I read a lot of articles, tweets and commentary about the state of the American economy. Seldom do I feel, however, that I understand where we really are or likely to go. Last week, however, I think I got there. I was one of a dozen or so leaders brought together by Audrey Choi, Morgan Stanley’s Head of Global Sustainable Finance, as part of a social sector advisory group. Morgan Stanley’s Chief U.S. Credit Strategist Greg Peters provided one of the most cogent analyses of the US economy that I have heard in years so thought it was worth sharing some of the highlights. Apologies to Mr. Peters for any inaccuracies. These were my takeaways:

The Lost Decade . Many people refer to the decade or more that Japan ‘lost’ after its severe recession and worry that we are in the midst of one as well. Five years after the 2007 recession, with growth at about 2% per year, we may not ‘lose’ the decade but we should assume that the same economic conditions are likely to last a few more years. Pretty reliable data shows that recovery post-credit bubbles take 5-7 years to overcome. We’re on track for that.

The Federal Budget ‘Cliff’ Coming at Year End . Congress' failure to reach a Grand Bargain on the budget last year put us on a course for automatic budget cuts equaling 4% of the GDP if no action is taken post the November election. Simply put, if no agreement is reached, with only 2% GDP growth expected this year (and next) and a 4% GDP reduction from the budget cuts, we will throw the US economy into a self-inflicted, guaranteed tailspin.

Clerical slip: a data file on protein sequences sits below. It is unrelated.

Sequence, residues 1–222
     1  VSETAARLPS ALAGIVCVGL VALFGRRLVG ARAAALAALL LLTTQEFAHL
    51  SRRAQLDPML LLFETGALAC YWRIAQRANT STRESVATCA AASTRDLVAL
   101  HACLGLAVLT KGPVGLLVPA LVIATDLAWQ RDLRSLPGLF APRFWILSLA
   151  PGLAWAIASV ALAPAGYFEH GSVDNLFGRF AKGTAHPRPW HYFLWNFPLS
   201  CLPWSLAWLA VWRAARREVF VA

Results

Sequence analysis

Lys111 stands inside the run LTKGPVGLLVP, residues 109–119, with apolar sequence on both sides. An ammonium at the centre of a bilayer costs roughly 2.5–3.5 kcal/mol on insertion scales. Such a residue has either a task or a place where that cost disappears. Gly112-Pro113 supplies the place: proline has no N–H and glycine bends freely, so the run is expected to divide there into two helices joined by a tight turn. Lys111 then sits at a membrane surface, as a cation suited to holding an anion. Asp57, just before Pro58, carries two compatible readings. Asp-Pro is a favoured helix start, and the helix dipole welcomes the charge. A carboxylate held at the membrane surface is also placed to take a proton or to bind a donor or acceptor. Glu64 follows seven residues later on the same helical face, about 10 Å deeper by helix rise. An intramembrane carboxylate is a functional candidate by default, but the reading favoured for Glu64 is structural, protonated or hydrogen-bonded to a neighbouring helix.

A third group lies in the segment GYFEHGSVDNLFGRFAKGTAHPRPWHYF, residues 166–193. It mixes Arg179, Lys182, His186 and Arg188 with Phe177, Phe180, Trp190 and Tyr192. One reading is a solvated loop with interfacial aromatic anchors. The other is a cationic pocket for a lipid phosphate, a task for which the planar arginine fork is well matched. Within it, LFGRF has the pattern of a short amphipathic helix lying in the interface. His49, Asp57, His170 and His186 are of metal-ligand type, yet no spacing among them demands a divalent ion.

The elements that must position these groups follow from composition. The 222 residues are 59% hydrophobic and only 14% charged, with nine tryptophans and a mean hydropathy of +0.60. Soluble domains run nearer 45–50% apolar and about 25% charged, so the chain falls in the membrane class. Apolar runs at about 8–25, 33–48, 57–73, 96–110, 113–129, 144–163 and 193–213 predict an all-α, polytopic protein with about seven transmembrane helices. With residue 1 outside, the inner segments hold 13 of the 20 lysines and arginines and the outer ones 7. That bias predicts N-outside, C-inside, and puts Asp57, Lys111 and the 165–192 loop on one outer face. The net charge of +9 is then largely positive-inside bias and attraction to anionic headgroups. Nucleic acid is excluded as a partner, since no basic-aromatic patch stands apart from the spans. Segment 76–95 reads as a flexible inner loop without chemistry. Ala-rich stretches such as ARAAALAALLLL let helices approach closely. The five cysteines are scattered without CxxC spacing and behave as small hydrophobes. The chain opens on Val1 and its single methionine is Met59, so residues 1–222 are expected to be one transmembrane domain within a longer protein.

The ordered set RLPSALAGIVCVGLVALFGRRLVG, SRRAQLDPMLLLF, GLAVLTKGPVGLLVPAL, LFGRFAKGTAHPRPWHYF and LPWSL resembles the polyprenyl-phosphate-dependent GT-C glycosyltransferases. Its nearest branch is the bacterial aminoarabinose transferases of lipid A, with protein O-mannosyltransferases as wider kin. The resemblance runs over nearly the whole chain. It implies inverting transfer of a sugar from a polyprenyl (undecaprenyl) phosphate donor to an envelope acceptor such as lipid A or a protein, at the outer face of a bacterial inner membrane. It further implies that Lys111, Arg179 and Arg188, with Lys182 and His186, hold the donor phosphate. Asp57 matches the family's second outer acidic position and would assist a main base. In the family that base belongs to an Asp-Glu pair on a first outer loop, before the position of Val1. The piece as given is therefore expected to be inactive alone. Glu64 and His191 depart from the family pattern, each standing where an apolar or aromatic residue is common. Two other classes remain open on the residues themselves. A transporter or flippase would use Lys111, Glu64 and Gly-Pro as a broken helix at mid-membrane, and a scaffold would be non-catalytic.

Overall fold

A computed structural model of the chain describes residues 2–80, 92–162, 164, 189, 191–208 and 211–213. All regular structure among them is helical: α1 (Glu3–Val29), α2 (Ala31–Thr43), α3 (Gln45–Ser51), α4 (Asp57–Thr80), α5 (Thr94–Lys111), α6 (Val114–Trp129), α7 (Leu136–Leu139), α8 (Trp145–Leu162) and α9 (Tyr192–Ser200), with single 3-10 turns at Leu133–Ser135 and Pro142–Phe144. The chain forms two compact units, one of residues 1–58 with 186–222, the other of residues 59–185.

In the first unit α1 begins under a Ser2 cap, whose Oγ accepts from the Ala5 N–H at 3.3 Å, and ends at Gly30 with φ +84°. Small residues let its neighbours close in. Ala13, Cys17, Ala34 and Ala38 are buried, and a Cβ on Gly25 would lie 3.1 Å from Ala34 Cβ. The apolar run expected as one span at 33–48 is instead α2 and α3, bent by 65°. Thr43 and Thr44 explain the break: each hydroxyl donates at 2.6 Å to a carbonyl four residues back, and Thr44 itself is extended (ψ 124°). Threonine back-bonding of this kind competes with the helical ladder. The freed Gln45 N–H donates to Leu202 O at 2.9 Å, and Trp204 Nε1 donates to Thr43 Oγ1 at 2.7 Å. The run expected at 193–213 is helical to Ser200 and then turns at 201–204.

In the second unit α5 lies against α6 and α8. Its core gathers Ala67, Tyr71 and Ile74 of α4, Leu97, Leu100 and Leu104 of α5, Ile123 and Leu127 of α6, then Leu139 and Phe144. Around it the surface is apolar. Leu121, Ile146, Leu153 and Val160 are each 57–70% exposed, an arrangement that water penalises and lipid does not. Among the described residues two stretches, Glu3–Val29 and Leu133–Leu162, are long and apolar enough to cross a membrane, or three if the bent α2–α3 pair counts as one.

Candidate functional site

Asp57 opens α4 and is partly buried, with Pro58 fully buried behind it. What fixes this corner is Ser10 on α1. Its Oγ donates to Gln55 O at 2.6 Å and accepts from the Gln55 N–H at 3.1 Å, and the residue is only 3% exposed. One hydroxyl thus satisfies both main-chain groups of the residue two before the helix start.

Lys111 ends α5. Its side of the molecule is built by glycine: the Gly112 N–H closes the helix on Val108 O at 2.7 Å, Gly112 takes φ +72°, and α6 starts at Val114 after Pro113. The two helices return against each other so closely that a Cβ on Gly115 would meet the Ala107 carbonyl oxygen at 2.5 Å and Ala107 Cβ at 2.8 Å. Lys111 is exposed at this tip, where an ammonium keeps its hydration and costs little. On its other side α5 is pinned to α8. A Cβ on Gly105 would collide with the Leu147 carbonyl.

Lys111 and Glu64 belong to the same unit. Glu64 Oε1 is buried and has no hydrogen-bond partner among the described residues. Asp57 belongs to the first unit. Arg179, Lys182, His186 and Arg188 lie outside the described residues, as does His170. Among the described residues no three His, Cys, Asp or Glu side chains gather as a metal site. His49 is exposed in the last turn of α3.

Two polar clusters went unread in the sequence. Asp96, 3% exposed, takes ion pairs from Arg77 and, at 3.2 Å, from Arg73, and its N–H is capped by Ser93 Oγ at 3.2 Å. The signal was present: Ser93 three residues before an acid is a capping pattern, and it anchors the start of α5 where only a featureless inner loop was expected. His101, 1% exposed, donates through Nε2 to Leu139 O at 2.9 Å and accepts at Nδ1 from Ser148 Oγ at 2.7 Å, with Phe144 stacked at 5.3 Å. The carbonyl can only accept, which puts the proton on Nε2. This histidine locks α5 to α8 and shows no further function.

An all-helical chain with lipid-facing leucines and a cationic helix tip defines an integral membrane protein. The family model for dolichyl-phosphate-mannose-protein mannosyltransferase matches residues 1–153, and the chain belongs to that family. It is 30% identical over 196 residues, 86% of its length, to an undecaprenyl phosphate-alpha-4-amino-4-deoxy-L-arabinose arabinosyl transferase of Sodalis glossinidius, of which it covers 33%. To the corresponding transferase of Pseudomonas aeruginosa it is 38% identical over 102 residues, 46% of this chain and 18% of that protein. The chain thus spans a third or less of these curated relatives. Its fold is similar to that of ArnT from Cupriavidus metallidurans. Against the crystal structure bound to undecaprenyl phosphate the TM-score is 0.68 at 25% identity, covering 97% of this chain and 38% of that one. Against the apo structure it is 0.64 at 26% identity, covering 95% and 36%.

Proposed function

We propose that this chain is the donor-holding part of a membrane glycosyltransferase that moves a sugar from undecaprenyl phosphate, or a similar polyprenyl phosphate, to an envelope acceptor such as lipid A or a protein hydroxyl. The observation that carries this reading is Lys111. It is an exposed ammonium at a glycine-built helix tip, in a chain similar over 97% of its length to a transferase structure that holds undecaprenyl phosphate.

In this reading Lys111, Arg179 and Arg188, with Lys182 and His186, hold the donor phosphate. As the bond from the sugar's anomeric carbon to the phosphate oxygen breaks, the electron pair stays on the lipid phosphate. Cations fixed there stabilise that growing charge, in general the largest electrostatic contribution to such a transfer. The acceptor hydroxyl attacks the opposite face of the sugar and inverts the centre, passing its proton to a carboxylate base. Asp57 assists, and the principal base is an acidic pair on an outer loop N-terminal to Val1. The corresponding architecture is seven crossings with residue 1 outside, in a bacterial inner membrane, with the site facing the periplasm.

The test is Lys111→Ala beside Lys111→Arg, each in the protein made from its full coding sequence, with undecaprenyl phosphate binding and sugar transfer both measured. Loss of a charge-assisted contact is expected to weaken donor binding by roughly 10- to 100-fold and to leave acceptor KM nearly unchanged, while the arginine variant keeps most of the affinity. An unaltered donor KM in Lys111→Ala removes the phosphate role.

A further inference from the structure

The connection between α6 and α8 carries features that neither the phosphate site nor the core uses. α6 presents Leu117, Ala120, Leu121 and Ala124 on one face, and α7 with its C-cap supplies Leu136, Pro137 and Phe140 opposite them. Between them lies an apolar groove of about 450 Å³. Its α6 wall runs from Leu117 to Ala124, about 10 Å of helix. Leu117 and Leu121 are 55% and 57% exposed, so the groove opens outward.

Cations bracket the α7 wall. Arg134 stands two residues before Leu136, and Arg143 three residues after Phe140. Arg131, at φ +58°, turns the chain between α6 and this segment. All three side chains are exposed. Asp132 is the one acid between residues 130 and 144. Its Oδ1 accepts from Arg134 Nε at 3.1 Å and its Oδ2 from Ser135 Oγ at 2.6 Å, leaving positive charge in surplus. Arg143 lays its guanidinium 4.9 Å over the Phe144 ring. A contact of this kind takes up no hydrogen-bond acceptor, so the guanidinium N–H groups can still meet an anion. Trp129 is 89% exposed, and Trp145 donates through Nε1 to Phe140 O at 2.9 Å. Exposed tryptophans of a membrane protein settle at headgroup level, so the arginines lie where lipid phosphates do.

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Our Economy Has Unique Strengths in the Longer Run . Mr. Peters was more bullish on the US in the longer run, especially against other nations, for three key reasons: (1) all data points to a ‘normalizing’ of wages around the world, making US wages more competitive. He sees a lot of signs of companies moving manufacturing jobs back closer to their markets which would be significant for the US; (2) manufacturing in the US is back on the rise and an important area of focus and growth; and (3) our population and demographic growth. While our ‘replacement birth rates’ are low like in other countries, our ‘household formation rates’ continue to rise, largely from our immigration strength.

Unprecedented Exogenous Factors . When asked if there was a chance that the economy could ‘surprise’ us with greater than 2% growth, Mr. Peters responded that the surprises really are more likely to be on the downside. He said that he had never seen a time when so many ‘exogenous’, non-economic, factors that could not be estimated, could dramatically affect our economy. He pointed to Congress' own inability to act this year, China’s political condition, and Europe’s economic crisis, to name a few.

Real good food for thought.